Glycoproteomic Analysis of Human Fibrinogen Reveals Novel Regions of O‑Glycosylation
2012-12-07T00:00:00Z (GMT) by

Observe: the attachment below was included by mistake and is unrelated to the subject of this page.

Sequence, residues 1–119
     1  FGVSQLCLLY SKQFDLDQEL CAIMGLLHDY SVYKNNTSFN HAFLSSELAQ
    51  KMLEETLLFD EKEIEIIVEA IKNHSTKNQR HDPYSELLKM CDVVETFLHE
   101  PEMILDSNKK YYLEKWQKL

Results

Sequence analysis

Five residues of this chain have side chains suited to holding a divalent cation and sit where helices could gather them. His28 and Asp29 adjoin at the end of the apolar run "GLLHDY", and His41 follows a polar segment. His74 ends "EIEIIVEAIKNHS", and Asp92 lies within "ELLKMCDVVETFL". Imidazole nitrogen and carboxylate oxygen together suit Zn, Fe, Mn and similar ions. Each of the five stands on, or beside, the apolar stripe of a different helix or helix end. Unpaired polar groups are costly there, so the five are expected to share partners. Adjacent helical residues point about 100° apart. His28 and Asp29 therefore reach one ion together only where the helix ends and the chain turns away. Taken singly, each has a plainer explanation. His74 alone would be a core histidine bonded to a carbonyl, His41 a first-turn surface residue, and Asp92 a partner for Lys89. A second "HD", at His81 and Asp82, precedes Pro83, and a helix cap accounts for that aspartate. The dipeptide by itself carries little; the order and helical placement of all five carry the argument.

Human fibrinogen is a 340 kDa, soluble plasma glycoprotein composed of paired sets of three subunits (α, β, γ). The protein plays a crucial role in protecting the vascular network against the loss of blood after tissue injury. The beta and gamma subunits each contain one N-glycosylation site, each of which is occupied by a biantennary N-glycan. So far O-linked oligosaccharides have rarely been described. Here, we make use of tryptic- and proteinase K-generated fibrinogen glycopeptides for the detailed analysis of the protein’s O-glycosylation by combining information obtained from both one- and two-dimensional nanoLC–ESI-ion trap (IT)–MS approaches. Glycopeptides were analyzed by ion trap-MS/MS which displayed fragmentations of glycosidic linkages and some peptide backbone cleavages. MS<sup>3</sup> spectra of the generated O-glycopeptides showed cleavages of the peptide backbone and provided essential information on the peptide sequence. The previously reported N-glycan attachment sites of human fibrinogen could be confirmed. Moreover, we describe seven novel O-glycosylation regions in human fibrinogen, all occupied by a monosialylated T-antigen. Our findings may help to improve the general understanding of human fibrinogen in the blood clotting process.